Witness Corroborates Mother's Testimony In Case Concerning Pesticides, Birth Defects

Eulalia Lopez-Gomez, whose son was born with a serious facial deformity, has sued four agricultural firms over the condition.

Ventura County Star: Surprise Witness Backs Mother's Story In Pesticide Trial
A surprise witness testified Tuesday that he had seen pesticides regularly sprayed close to strawberry harvesters at a farm near Oxnard, completely supporting the plaintiff's version of events in a birth defect trial. Jose Antonio Madrigal, a former supervisor for Well-Pict Berries, said he had seen tractors spraying two or three times a week in fields at Anacapa Berry Farms while workers were present in 2007. The tractors were applying the chemicals well under 100 feet from the workers, he said. (Wilson, 6/13)

Orange County Board Hears Pleas, Threats Of Voter Retribution Over Money For Homeless

Residents want the Orange County Board of Supervisors to revise the budget to fund more housing for the homeless.

Orange County Register: Homeless Advocates Pressure Orange County Supervisors To Spend More Money On Housing
For two hours straight, the Orange County Board of Supervisors listened to one Orange County resident after another at their public budget hearing on Tuesday, June 13, criticize them for not dedicating enough money to alleviate homelessness... Just last week, the board initiated a $750,000 pilot program for people in the tent encampments along the Santa Ana River and also approved a $5 million expenditure of mental health dollars from a state funding source to provide permanent housing for qualifying homeless people. (Walker, 6/13)

In other news —

National Roundup

Trump Calls House Bill 'Mean,' Says Senate Version Should Be More 'Generous'

President Donald Trump hosted senators at the White House to discuss their health care push, and he, according to sources, took a much different tone on the House's version than he did when he was celebrating its passage..

The Associated Press: Sources: Trump Tells Senators House Health Bill 'Mean'
President Donald Trump told Republican senators Tuesday that the House-passed health care bill he helped revive is "mean" and urged them to craft a version that is "more generous," congressional sources said. Trump's remarks were a surprising slap at a Republican-written House measure that was shepherded by Speaker Paul Ryan, R-Wis., and whose passage the president lobbied for and praised. At a Rose Garden ceremony minutes after the bill's narrow House passage on May 4, Trump called it "a great plan." (Fram, 6/13)

In related news —

The New York Times: Trump Says Market Is Failing, But One Insurer Bets Big On Obamacare
The Obamacare insurance markets aren’t as shaky as President Trump seems to believe. On Tuesday, the insurer Centene announced plans to expand aggressively into the state marketplaces established under the Affordable Care Act. Centene said it intended to sell individual policies for the first time in Nevada, Missouri and Kansas, and to grow its presence in six other states, including Ohio and Florida. (Sanger-Katz and Abelson, 6/13)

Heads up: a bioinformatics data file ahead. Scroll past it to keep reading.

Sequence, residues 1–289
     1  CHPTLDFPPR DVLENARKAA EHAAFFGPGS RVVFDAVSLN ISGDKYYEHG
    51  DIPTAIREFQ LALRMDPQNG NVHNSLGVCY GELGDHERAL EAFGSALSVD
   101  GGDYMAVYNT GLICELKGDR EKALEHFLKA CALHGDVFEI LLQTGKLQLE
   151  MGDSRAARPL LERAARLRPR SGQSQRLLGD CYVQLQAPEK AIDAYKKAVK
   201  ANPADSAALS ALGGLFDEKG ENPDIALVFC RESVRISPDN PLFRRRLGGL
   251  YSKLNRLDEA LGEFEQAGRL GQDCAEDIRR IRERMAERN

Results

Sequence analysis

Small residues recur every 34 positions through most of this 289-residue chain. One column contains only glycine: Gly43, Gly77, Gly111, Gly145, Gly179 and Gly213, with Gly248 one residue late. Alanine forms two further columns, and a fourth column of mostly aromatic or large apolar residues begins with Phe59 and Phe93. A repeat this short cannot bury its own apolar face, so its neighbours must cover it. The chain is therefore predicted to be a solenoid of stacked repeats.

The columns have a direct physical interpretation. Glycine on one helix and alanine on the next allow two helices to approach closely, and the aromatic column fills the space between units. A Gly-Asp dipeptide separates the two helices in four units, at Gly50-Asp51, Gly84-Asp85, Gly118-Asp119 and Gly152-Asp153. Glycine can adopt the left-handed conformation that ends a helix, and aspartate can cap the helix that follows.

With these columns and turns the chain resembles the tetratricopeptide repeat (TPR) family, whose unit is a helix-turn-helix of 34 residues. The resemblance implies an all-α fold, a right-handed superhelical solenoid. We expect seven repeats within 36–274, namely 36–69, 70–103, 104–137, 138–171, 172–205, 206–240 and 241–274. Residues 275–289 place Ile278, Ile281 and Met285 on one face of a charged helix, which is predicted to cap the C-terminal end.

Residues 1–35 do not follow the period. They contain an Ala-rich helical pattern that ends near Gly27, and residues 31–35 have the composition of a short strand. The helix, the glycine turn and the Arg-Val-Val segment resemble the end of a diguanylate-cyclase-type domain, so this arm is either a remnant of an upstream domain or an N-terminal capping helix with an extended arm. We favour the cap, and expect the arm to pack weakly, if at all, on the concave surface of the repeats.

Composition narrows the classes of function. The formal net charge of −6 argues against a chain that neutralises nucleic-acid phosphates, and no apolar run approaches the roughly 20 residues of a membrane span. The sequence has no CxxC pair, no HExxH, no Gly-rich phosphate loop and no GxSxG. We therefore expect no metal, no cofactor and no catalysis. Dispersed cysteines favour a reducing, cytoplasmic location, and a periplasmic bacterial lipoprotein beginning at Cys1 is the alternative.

The Associated Press Fact Check: Obamacare 'Death Spiral' Is A Half-Told Tale
An AP Fact Check finds that the Trump administration is being selective with its information when it argues Obamacare is in a "death spiral." Vice President Mike Pence made that case Tuesday in remarks to federal employees. He correctly cited statistics showing 10.3 million people are enrolled in subsidized health insurance markets, far fewer than the 23 million projected for 2017. But he left out the fact that the law's Medicaid expansion is covering an estimated 12 million people. (Alonso-Zaldivar, 6/14)

The Washington Post: Where The Obamacare Exchanges Might Have Zero Insurance Options In 2018
Next year, dozens of counties across the country could be left with no insurance companies offering insurance in the Affordable Care Act marketplaces. Nationwide, that leaves 35 thousand marketplace enrollees living in a county with no affordable way to purchase insurance (As it stands, people who receive subsidies can only use them to purchase coverage in the marketplace.), and 2.4 million would be left with just one insurer’s plan to choose from. That’s out of 12.2 million enrollees total. (Soffen and Uhrmacher, 6/14)

USA Today: Latest Estimate: 13 Million People To Lose Health Coverage With GOP Plan
About 13 million people will lose health insurance in the next 10 years if the House-passed Affordable Care Act replacement plan is enacted, according to a new report out Tuesday from the Centers for Medicare and Medicaid Services' office of the actuary. The estimate, while hardly rosy, is still about 10 million fewer people than the Congressional Budget Office (CBO) estimated would lose coverage under the American Health Care Act (AHCA), now being considered by the Senate. (O'Donnell, 6/13)

The Wall Street Journal: GOP Congressman Sees Health-Care Bill On President’s Desk By August
A Republican congressman who helped shepherd the party’s health-care overhaul bill through the House last month predicted Tuesday that a final bill will pass the Senate and land on the president’s desk before August. House Energy and Commerce Chairman Greg Walden’s estimate, described at The Wall Street Journal’s CFO Network meeting in Washington, suggests he is optimistic that Senate leaders will be able to meet a self-imposed July 4 deadline for passing their health legislation. (Hackman, 6/13)